TRB Distinguished Biomaterials Lecture

Paula Hammond, PhD: Electrostatic Designer Nanocarriers for Targeted Therapies

The 2023 Distinguished Biomaterials Lecture was held in conjunction with the TRB-QBP-SB2 Symposium.

One of the challenges of nanomedicine is determining sets of design rules that dictate where nanoparticles localize in the body, and the targeting of specific organs or cell types. Electrostatic assembly provides a route to nanomaterials that enable a broad range of surface chemistries that can be designed for targeting disease, while incorporating a range of core nanoparticle systems whose properties can be independently tuned. We have developed a modular nanoparticle approach using core particles and layering them with an electrostatic layer-by-layer (LBL) process in a simple and elegant method of constructing highly tailed ultrathin polymer coatings. The resulting LbL nanoparticles (LbL NPs) have negatively charged outer layers that present polyelectrolytes such as dextran sulfate or hyaluronic acid in a hydrated brush arrangement that enables hydration, steric repulsion, colloidal and serum stability, and specific or non-specific targeting. Ultimately, it is also important to introduce other kinds of interactions, particularly when targeting specific cells such as immune or cancer cells; often these interactions include receptor-specific interactions, but non-specific interactions can also have a very significant role in directing particles to cancer or other disease-associated cell types. Ultimately, we seek to explore and exploit these interactions to target layer-by-layer and layered complex nanoparticles to a range of different cell types. Efforts on the use of high throughput sampling of nanoparticle-cell interactions on understanding nanoparticle-cell interactions and targeted uptake will also be discussed. Recent work includes addressing barriers to transport of these nanoparticles within tumors, and will be discussed, including work involving the understanding of these trafficking patterns and a means to leverage them toward the delivery of cytokines for activation of the immune system against ovarian cancer, a cancer which has not previously benefited from immuniotherapeutic approaches. Ongoing work also includes examination of the role of mechanical properties of the core nanoparticle in tumor targeting, and how these LbL NP systems might be adapted to enhance delivery across the blood-brain barrier and designed to target glioblastoma.

Professor Paula T. Hammond is an Institute Professor at the Massachusetts Institute of Technology, Head of the Department of Chemical Engineering and a member of MIT’s Koch Institute for Integrative Cancer Research. Her research in nanomedicine encompasses the development of new biomaterials to enable drug delivery from surfaces with spatio-temporal control. She investigates novel responsive polymer architectures for targeted nanoparticle drug and gene delivery, and is known for her work on nanoparticles to target cancer, and thin film coatings to release factors that regenerate bone and assist in wound healing. More recently, she has worked on nanomaterials systems to treat osteoarthritis and staged release systems for the delivery of vaccines. Professor Paula Hammond was elected into the National Academy of Science in 2019, the National Academy of Engineering in 2017, the National Academy of Medicine in 2016, and the 2013 Class of the American Academy of Arts and Sciences. She has also recently received the American Institute of Chemical Engineers (AIChE) Margaret H. Rousseau Pioneer Award for Lifetime Achievement by a Woman Chemical Engineer in 2019 and gave the Materials Research Society (MRS) David Turnbull Lectureship, 2019. Professor Hammond has published over 330 papers, and over 20 patent applications. She is the co-founder and member of the Scientific Advisory Board of LayerBio, Inc., a member of the Scientific Advisory Board of Moderna Therapeutics and a member of the Board of Alector, Inc. In 2021, Professor Hammond was selected to become a member of the President’s Council of Advisors on Science and Technology (PCAST). In terms of educational background, Prof. Hammond is from Detroit, Michigan, and received her B.S. in Chemical Engineering from MIT, then worked for two years in industry, moved to Atlanta to get an M.S. in Chemical Engineering at Georgia Tech, before returning to MIT for her PhD. She held the Ford Foundation Dissertation Fellowship, and on completing her PhD, was an NSF Postdoctoral Fellow at the Harvard University Chemistry Department before returning to MIT as a faculty member.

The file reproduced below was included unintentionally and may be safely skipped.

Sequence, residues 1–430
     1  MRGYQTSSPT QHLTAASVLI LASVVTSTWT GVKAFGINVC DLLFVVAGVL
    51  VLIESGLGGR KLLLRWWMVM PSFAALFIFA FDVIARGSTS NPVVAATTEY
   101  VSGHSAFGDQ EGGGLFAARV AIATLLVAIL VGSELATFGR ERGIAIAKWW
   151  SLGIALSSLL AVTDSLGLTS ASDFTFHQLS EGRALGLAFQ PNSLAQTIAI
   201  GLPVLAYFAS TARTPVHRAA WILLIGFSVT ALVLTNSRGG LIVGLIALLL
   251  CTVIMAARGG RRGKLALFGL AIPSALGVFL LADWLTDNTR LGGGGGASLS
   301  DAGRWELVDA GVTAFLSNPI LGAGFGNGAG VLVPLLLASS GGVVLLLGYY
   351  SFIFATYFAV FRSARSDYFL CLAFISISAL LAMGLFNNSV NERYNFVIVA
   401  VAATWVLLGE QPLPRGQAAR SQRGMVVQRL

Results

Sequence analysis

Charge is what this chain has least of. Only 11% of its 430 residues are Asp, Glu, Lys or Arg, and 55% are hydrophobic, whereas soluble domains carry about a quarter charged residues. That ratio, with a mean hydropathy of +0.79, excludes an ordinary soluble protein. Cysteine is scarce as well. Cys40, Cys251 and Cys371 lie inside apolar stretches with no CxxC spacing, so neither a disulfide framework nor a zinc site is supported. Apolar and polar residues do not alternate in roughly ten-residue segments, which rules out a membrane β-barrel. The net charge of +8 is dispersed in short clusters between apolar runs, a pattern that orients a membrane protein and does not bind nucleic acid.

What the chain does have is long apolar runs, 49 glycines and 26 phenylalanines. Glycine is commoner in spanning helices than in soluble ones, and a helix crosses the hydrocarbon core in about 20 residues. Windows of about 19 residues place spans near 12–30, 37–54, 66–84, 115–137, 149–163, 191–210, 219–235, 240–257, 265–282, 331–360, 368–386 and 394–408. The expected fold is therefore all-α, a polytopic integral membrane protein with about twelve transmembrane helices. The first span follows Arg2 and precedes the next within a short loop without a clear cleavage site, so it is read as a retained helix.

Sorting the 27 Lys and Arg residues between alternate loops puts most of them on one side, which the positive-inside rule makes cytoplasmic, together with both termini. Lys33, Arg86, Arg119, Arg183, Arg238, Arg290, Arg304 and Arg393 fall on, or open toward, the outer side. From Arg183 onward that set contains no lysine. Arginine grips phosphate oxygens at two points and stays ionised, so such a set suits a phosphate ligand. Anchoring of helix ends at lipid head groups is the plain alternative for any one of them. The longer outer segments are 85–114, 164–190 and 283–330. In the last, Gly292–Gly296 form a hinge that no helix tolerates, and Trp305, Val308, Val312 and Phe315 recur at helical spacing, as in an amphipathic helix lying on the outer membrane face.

Past TRB Distinguished Biomaterials Lectures